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Sewage sludges processing for energy production with utilization of supercritical water gasification (USCWG)

Sewage sludge is a large-scale resource available on our planet, part of which is used as an element of the circular economy to improve soil quality in agriculture. As this utilization is very limited, there is a significant need to utilize an increasing proportion of the resulting sludge for energy production purposes.

 

Sewage sludge is a significant source of renewable energy.

 

The energy utilization of sewage sludge as a wet biomass in the traditional way of incineration is not expedient, as due to the high moisture content of “dewatered” sludge (70 - 80%) the incineration efficiency is very low - the amount of energy obtained in this way, even in more modern processes also quite low. The energy balance of conventional combustion is hardly positive due to the energy demand of drying or support firing.

 

In modern processes, the sludge is fermented and the resulting biogas is combusted in a gas engine, electricity is generated and the heat of the gas engine's cooling water and exhaust gas is used to dry the sludge still containing significant organic matter from the fermentor and then dried sludge is burned for energy production. The energy balance of this process is much better, but its overall efficiency is still quite low.

 

In the case of wet biomass, including sewage sludge, the practical way of energy utilization is to gasify the wet biomass under supercritical conditions and utilize the resulting generator gases (methane, carbon monoxide and hydrogen). In this case, the energy efficiency of the process will be as high as possible.


 

The principle of gasification in supercritical water has long been known, but the structural materials previously available did not allow the implementation of industrial-scale continuous-operation reactors. Recently, high-alloy CrNi materials, such as Inconel 740 H, are now readily available in the mechanical engineering industry at reasonable prices, enabling the construction of high-performance, corrosion-resistant tube reactors that can also process wet biomasses in an energy-efficient manner.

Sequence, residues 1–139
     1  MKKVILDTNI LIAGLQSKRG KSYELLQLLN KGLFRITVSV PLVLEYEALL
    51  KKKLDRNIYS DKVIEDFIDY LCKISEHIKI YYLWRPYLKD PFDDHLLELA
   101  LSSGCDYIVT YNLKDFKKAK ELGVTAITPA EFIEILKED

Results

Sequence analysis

The process of waste utilization by supercritical water gasification is as follows: the sewage sludge is properly prepared (shredded, preheated) and then fed into the supercritical tube reactor by a high-pressure feed pump. The gas-fired tubular reactor is powered by the produced generator gas. The length of the tube reactor is based on the reaction time required for the complete gasification of the sewage sludge. The mixture leaving the tubular reactor is separated by means of separators. Water, which is practically distilled water, can be used for industrial purposes or irrigation. The remaining inert solids can be used by the construction industry. The methane and carbon monoxide content of the generator gas is used in a cogeneration gas engine, where the produced electricity is supplied to the grid and the produced heat is utilized in the technology, thus increasing the processing efficiency. The hydrogen content of the generator gas, as a renewable “green” hydrogen, can be used in fuel cells and hydrogen gas networks for transportation, or can be filled into mobile tanks.

 

The above process, thanks to the pressure-energy recovery turbine used in the system, the heat exchangers supporting the operation of the supercritical tube reactor and the proper utilization of the heat energy of the gas engine in the sludge preparation process, has a much higher energy efficiency than current systems.